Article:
The one or more model parameters can be determined upon manufacturing and may be stored in a memory of or accessible by the calculation unit. However, in a preferred embodiment, the DPMZM device comprises a parameter calculating unit which is adapted to

 receive a quality indicator fedback from a receiver receiving the optical signal, and
 to modify the one or more model parameters such as to optimize the quality indicator.
This variant is based on the consideration that the better the model captures the imperfections of the DPMZM device, the more successfully can the quality impairments of the output signal be reduced by means of predistortion of the first and second driving voltages V_{I}, V_{Q}. Accordingly, an optimized quality indicator at the same time indicates that the one or more model parameters are optimally chosen. In a preferred embodiment, the quality indicator is an estimate of a biterrorrate at the receiver and the parameter calculating unit is adapted to modify the one or more model parameters, in response to said backfed biterrorrate, such as to minimize the same. Alternatively, the quality indicator may be an estimate of the power of a residual carrier and the parameter calculating unit is adapted to modify the one or more model parameters, in response to the backfed residual carrier power, such as to minimize the same.
A yet further example of a quality indicator is a deviation, in particular a mean square error between the desired transmit signals and the actual transmit signals, wherein the parameter calculating unit is adapted to modify the one or more model parameters such as to minimize said deviation.
In a preferred embodiment, the DPMZM device further comprises an ACcoupling for coupling said first and second driving voltages V_{I}, V_{Q }as calculated by the calculation unit to the respective first and second inner MZMs. Further, first and second biasing units are associated with the first and second inner MZMs, respectively, said first and second biasing units being adapted to apply first and second bias components to said first and second inner MZMs. Herein, the first and second bias components may at least approximately represent corresponding DCcomponents of the driving voltages V_{I}, V_{Q }as calculated by the calculation unit.
Note that generally, depending on the model of the DPMZM device employed by the calculation unit, it is not to be expected that the average values of the calculated predistorted first and second driving voltages V_{I}, V_{Q }arising for all inphase and quadrature components y_{I}, y_{Q }of a desired baseband signal are zero, only because the average values of these components y_{I}, y_{Q }themselves should be zero. Instead, as will be shown below with reference to an explicit embodiment, it is seen that the first and second driving voltages V_{I}, V_{Q }arising from this calculation have a DCcomponent or “offset”. However, when ACcoupling the first and second driving voltages V_{I}, V_{Q }with the first and second inner MZMs, this DCcomponent would be lost. According to this embodiment, this lost DCcomponent is reintroduced by first and second biasing units associated with the first and second inner MZMs, respectively, which are adapted to apply first and second bias components to the first and second inner MZMs making up for the missing DCcomponents of the ACcoupled V_{I}, V_{Q}.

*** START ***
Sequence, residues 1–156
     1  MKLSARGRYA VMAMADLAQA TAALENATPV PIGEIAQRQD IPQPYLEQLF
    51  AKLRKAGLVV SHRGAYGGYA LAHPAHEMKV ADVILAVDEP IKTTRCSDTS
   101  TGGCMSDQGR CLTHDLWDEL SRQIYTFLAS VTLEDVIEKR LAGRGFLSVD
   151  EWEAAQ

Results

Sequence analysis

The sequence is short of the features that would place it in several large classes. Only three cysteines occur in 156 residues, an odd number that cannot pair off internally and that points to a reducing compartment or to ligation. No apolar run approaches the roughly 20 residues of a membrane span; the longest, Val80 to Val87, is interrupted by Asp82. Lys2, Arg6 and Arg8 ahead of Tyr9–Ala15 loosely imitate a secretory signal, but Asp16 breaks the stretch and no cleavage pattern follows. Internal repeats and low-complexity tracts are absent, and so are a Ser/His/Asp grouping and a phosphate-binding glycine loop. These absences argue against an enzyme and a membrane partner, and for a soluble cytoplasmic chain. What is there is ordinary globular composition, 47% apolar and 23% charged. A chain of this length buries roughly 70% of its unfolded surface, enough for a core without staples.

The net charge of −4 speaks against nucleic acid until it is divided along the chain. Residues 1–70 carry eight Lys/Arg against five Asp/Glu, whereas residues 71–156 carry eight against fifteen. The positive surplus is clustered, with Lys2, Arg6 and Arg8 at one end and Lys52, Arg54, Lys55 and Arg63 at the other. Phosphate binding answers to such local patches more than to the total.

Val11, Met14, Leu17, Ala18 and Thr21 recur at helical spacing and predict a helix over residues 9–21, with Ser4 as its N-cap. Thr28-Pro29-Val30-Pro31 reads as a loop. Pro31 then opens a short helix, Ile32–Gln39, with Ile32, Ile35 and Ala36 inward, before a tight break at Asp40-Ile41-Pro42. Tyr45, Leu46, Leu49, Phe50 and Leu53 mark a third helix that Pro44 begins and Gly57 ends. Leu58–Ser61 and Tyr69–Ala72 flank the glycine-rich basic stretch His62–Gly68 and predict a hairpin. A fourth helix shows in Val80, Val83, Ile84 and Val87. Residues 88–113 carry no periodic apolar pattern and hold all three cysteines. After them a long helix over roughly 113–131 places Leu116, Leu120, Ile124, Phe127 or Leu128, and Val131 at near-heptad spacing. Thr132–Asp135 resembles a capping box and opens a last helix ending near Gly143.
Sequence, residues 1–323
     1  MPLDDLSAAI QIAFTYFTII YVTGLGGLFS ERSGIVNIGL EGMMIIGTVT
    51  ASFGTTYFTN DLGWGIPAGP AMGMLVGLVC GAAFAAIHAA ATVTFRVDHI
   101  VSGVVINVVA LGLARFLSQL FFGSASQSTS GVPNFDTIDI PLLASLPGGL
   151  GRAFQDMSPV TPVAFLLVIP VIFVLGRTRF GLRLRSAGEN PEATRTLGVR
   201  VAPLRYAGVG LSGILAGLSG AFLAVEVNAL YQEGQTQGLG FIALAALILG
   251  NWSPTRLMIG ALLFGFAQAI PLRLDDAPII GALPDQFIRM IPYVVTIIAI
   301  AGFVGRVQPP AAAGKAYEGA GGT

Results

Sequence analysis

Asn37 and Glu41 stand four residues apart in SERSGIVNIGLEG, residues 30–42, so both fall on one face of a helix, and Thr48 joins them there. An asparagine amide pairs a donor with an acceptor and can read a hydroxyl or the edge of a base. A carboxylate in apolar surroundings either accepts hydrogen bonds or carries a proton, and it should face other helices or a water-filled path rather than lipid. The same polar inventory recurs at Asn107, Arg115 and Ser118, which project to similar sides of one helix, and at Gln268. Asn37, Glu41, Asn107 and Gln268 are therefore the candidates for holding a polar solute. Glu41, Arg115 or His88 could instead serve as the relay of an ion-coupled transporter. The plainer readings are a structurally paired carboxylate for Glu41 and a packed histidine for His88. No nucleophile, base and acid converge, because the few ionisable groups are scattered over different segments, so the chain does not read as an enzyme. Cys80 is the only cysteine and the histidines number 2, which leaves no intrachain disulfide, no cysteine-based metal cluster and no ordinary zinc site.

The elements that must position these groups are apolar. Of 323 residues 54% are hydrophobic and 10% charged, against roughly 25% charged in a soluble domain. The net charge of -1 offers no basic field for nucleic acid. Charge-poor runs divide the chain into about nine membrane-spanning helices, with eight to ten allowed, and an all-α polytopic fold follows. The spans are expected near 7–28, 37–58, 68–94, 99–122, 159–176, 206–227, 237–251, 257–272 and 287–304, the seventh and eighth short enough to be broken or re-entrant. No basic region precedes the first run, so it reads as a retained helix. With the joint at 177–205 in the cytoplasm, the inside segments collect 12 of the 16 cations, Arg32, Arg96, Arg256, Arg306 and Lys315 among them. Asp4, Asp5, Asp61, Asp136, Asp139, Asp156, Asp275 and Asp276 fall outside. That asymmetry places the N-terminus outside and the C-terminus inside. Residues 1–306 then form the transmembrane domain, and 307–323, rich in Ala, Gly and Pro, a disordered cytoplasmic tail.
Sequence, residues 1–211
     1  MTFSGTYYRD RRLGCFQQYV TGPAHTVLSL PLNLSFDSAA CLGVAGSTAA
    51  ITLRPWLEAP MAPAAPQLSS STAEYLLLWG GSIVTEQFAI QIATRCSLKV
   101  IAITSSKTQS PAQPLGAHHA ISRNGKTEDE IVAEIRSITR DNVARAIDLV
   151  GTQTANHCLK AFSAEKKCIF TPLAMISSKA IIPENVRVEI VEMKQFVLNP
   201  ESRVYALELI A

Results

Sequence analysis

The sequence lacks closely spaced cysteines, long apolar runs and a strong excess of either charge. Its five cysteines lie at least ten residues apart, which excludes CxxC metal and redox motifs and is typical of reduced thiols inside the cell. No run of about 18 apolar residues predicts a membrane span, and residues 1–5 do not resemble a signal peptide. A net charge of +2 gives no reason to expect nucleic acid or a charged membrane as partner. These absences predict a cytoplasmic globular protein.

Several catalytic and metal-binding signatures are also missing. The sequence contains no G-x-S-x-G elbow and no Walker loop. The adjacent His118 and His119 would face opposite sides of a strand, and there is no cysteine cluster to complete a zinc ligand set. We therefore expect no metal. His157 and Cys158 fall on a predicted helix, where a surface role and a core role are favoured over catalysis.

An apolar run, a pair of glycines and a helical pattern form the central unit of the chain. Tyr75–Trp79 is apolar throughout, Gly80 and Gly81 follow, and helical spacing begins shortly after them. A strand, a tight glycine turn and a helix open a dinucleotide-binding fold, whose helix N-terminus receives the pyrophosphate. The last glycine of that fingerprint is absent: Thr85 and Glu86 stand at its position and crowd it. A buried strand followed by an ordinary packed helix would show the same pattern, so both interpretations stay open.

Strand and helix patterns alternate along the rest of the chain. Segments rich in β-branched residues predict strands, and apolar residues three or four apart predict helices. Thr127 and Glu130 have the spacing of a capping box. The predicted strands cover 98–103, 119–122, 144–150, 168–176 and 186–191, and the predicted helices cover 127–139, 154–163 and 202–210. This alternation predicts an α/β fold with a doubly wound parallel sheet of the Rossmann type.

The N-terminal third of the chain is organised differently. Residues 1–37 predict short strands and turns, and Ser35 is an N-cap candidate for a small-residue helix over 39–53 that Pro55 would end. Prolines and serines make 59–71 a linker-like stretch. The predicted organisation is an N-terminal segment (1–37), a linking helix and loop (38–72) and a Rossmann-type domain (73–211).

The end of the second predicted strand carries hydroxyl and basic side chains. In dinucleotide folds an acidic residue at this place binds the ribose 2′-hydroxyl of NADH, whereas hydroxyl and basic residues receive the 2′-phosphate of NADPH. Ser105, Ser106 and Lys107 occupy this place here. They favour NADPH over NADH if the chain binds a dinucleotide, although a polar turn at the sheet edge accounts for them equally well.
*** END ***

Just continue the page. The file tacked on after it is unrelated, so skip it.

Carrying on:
Herein, it is referred to first and second bias “components” because the first and second biasing units will in general provide a further bias as would occur in an ordinary bias control scheme, for example for compensating the phase offsets φ_{1}, φ_{2 }in Eq. (1), so that the bias corresponding to the DCcomponents of the calculated driving voltages V_{I}, V_{Q }resembles only a component of the total bias applied to the first and second inner MZMs. Further, in practical applications, the bias corresponding to the respective DCcomponent of V_{I }and V_{Q }will not be applied separately, but together with the bias according to a customary control. But in this case too, the biases applied by the first and second biasing units do account for the DCcomponents of V_{I }and V_{Q }which would be lost due to AC coupling.
In one embodiment, the value of these first and second bias components could simply be obtained from the average of the calculated predistorted driving voltages V_{I}, V_{Q}. These computed bias components could then be added to the bias as determined by customary bias control In the alternative, however, the DPMZM device may further comprise a bias component control unit adapted to adjust the first and/or second bias components in response to

 an error indicating signal determined at a receiver receiving the optical signal, or
 a quality indicator, in particular a residual carrier in the optical signal, determined at a receiver of the optical signal.